9. Operation, Maintenance, and Care of Water-Stage Recorders

Standard procedures for operation of water-stage recorders should include verifying correct operation of the type of recorder present, checking that water elevations inside and outside of the stilling well match, inspecting and cleaning the intake pipe to the stilling well, and verifying that clocks (if so equipped) are operating properly. Inspections at regular, short intervals are generally required to keep breaks in data at a minimum. Persons installing and servicing water-stage recorders should follow manufacturers' recommended instructions for that particular instrument. These instructions should be placed conspicuously inside the instrument case or shelter.

Recorder enclosures should be well ventilated to prevent excessive humidity from affecting operation. Moist air can be excluded from the recorder by a partition over the stilling well. Instrumentation for detecting and correcting errors caused by high humidity is available if necessary.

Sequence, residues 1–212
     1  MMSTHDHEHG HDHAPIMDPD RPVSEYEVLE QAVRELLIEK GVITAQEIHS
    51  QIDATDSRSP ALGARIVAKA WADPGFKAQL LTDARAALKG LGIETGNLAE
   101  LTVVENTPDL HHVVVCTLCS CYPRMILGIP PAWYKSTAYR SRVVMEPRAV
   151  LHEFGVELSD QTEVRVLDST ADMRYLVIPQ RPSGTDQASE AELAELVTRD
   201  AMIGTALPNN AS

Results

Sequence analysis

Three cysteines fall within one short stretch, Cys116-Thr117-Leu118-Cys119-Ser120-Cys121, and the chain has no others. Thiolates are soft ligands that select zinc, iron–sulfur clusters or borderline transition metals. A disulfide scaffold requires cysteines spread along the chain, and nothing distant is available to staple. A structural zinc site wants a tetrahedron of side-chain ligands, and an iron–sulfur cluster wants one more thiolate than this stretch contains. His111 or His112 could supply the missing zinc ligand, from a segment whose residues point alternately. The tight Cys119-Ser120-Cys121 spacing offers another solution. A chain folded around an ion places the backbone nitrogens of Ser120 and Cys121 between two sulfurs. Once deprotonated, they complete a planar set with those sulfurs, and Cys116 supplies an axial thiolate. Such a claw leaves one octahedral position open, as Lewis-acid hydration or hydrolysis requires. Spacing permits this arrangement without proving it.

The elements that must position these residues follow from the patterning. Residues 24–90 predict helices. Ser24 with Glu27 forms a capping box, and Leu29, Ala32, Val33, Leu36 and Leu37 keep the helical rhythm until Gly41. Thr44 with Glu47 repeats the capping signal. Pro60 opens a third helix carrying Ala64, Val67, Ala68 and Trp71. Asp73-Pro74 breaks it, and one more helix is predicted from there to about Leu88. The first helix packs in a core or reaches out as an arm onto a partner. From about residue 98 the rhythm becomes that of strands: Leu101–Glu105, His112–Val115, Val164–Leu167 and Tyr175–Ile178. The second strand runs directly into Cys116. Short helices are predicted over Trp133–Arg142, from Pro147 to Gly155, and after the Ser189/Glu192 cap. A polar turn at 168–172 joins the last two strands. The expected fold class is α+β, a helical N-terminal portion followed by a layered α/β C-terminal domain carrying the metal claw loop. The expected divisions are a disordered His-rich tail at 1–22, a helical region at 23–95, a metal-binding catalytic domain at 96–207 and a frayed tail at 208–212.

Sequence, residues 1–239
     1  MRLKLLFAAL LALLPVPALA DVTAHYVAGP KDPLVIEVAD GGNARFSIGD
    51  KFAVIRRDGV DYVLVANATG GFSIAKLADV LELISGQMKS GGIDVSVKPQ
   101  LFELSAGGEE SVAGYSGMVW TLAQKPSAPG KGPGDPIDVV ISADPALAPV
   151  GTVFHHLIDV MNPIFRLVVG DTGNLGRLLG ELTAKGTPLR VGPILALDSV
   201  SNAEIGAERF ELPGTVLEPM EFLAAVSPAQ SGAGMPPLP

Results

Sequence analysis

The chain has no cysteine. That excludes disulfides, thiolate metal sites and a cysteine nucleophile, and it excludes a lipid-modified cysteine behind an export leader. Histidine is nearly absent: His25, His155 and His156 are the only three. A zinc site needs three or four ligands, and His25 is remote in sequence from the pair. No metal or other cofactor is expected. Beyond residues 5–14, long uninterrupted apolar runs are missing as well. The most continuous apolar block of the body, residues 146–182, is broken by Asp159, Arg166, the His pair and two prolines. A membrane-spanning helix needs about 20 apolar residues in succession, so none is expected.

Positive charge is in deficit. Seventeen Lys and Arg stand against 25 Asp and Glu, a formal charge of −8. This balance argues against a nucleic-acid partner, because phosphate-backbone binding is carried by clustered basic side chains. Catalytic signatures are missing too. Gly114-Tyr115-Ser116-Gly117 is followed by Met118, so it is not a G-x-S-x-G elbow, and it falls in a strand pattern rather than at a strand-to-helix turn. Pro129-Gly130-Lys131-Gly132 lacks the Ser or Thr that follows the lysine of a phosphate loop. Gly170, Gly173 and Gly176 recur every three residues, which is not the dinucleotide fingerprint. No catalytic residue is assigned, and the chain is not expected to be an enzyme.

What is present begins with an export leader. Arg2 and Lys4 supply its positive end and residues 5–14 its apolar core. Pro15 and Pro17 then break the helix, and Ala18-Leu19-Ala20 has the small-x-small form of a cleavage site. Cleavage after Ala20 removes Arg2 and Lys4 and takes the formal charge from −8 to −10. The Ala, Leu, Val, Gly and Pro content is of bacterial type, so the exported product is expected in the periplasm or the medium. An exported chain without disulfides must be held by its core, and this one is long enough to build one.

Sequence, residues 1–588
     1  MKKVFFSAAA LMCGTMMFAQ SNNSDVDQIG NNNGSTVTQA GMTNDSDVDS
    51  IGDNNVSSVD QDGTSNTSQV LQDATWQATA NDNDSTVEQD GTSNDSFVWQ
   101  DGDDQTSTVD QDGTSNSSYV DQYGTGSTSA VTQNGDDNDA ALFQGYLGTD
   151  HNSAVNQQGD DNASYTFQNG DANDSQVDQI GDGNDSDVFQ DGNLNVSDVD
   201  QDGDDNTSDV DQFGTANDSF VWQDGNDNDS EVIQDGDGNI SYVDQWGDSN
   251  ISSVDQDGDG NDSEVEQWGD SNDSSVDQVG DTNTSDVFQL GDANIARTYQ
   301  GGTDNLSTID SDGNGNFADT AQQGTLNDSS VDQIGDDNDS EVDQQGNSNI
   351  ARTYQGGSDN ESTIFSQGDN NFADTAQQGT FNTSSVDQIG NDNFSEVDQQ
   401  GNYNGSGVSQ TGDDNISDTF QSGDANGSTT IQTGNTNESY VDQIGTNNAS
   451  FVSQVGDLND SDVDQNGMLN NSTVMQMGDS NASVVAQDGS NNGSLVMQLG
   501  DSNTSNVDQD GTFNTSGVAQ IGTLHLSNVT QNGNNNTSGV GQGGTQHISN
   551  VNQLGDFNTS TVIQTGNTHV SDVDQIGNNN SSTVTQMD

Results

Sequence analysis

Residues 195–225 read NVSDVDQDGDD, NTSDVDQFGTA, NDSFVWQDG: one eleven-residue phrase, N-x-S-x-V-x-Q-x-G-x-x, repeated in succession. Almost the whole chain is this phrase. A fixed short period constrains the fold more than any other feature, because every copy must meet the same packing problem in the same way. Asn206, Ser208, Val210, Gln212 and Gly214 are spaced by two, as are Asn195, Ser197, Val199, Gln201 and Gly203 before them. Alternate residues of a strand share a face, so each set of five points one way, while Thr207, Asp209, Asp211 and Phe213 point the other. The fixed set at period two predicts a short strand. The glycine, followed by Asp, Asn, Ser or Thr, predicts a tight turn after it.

Condensation within the recorder cover and metal shelters can be alleviated by gluing or spraying a resistant coating (such as cork) inside of each. Silica gel can be used as a desiccator, but it must be replaced occasionally or the moisture must be removed from the gel by heating in an oven at 300 degrees Fahrenheit.

The well and shelter must be maintained in good condition, the intake pipes must be kept open, and the well must be protected from ice and drift. Freezing weather may require heating the well with an electric heater or a cluster of lights. A layer of low-freezing-point, environmentally safe oil in the float well equal to the greatest thickness of ice expected can also be effective. In the past, oils such as kerosene or fuel oil were used; however, because of the possibility of the oil spilling into the water supply, only nontoxic, environmentally safe oils should be considered for this use.